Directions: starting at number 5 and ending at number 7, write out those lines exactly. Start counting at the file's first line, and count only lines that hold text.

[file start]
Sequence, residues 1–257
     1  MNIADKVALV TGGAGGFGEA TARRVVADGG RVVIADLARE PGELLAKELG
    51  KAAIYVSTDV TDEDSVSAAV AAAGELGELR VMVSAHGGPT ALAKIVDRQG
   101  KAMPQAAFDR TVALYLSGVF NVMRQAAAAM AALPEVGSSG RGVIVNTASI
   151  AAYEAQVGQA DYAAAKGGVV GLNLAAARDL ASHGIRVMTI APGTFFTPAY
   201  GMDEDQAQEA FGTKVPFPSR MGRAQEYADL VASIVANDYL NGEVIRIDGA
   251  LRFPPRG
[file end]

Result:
   151  AAYEAQVGQA DYAAAKGGVV GLNLAAARDL ASHGIRVMTI APGTFFTPAY
   201  GMDEDQAQEA FGTKVPFPSR MGRAQEYADL VASIVANDYL NGEVIRIDGA
   251  LRFPPRG